The use of such foot-retaining traction devices has certain disadvantages and drawbacks. When a cloth muslin bandage is used to tie the foot of a patient to a rigid heel cup and support plate, the bandage can loosen and allow the foot to move in the bandage, resulting in misalignment of the leg. The pressure of the bandage around the arch of the foot also restricts blood circulation to the foot and toes, occasionally requiring interruption of the operatory procedure to loosen the bandage to prevent damage of the foot due to restricted blood flow. In addition, considerable time is required to wrap and tie the muslin bandage around the foot and the heel cup and foot plate in proper position for application of traction to the leg.
With respect to the use of a cloth anklet to secure the foot to the heel cup and foot plate, generally one size is insufficient to fit all size patients, requiring that the anklet be available in multiple sizes for use. Improper securement of the anklet on the foot can cause the foot to slip and become misplaced in the anklet, resulting in misalignment of the leg and improper placement of the same under traction. In addition, time is required to properly secure the anklet around the lower leg and the rigid heel cup and foot plate for application of traction to the leg.
With respect to the modified form of shoe attachment, care must be taken in properly positioning the foot in the shoe and in securing the shoe upper about the foot. On occasion, the foot may bend in the shoe resulting in misalignment of the foot and consequent improper positioning of the leg under traction forces. In addition, pressure of the shoe upper across the top of the foot restricts blood circulation and requires careful monitoring of the patient's foot to avoid possible damage by lack of blood flow thereto.
It is therefore an object of the present invention to provide an improved orthopedic attachment for receiving and supportedly retaining the lower leg and foot of an orthopedic patient to permit traction to be applied to the leg during operating procedures.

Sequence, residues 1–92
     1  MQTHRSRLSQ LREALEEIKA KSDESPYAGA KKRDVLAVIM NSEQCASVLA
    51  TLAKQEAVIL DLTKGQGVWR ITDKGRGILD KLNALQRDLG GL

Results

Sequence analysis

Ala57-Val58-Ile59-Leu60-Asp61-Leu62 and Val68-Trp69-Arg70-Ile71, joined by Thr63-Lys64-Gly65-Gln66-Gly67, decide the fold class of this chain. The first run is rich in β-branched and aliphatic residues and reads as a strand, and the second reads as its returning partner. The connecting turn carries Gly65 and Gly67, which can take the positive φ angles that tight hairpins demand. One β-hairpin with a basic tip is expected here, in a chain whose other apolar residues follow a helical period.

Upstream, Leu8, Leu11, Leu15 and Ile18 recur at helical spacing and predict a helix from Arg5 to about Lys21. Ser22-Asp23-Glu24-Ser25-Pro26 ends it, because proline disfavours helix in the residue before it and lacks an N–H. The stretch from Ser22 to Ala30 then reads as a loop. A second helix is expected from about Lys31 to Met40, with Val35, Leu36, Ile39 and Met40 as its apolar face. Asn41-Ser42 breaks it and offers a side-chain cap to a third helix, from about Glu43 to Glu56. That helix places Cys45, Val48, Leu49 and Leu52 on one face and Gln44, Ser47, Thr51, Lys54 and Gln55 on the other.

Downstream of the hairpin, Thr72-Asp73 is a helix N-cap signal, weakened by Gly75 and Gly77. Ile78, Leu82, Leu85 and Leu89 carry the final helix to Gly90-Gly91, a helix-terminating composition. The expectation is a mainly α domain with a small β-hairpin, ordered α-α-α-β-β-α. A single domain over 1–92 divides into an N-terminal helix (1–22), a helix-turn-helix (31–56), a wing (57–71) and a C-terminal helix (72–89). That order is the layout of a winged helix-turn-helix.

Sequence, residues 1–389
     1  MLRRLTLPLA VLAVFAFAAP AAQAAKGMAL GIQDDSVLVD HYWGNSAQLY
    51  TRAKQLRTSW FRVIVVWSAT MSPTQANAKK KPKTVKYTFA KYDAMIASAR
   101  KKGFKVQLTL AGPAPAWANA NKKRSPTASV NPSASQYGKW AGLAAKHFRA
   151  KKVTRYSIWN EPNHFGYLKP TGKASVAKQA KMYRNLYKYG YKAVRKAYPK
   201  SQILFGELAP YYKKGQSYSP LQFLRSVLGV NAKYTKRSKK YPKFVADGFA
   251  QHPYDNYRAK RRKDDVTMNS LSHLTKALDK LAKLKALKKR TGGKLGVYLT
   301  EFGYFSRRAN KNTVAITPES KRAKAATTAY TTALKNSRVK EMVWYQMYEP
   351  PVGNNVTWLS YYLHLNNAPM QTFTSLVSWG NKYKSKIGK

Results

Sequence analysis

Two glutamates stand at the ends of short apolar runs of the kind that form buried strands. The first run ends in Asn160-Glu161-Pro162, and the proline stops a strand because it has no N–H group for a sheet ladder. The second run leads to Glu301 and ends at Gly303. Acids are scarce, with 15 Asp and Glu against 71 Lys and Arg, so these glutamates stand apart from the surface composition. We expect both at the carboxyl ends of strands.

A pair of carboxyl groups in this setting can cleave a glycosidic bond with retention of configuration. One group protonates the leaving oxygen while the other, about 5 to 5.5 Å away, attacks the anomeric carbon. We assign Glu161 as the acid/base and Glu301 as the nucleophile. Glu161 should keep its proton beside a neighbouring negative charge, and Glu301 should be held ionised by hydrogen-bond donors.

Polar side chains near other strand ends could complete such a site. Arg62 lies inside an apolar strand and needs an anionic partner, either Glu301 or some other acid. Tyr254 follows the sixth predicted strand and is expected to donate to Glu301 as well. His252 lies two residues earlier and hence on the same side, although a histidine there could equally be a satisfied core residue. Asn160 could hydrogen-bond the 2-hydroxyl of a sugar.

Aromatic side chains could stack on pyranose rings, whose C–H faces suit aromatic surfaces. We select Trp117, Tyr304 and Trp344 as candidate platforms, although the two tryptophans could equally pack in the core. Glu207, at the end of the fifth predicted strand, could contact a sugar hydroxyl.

It is another object to provide an improved orthopedic device of the type described wherein the lower leg adjacent the ankle is positively retained and secured within an inflatable, adjustable cuff member, and with the foot positively positioned on an adjustable foot plate to retain the leg under traction in proper position during orthopedic operatory procedures.
It is a further object to provide an improved traction device for receiving and supportably retaining the lower leg and foot of an orthopedic patient under traction, and wherein the leg can be positively retained without excess pressure on the foot causing restricted blood flow thereto.
The present invention is directed to an orthopedic attachment device for receiving and supportably retaining the lower leg and foot of an orthopedic patient to permit traction to be applied to the leg of the patient during operating procedures. The support device comprises a rigid support bracket which is attached to the operating end of a traction crank of an orthopedic operating table. Mounted on the support bracket is a tubular-shaped cuff member for surrounding and grippingly retaining the lower leg of the patient adjacent the ankle, and an adjustable foot plate is spaced from the cuff member on the bracket to receive and correctly position the foot relative to the leg. The cuff member has a rigid outer shell containing a fluid-activated inflatable bladder for adjusting the size of the opening through the cuff member to positively grip and secure the lower leg of the patient.
The above as well as other objects of the present invention will become more apparent, and the invention will be better understood from the following detailed description of preferred embodiments thereof, when taken with the accompanying drawings, in which:
FIG. 1 is a left side elevation view of the orthopedic device of the present invention;
FIG. 2 is a right side elevation view of the device of FIG. 1;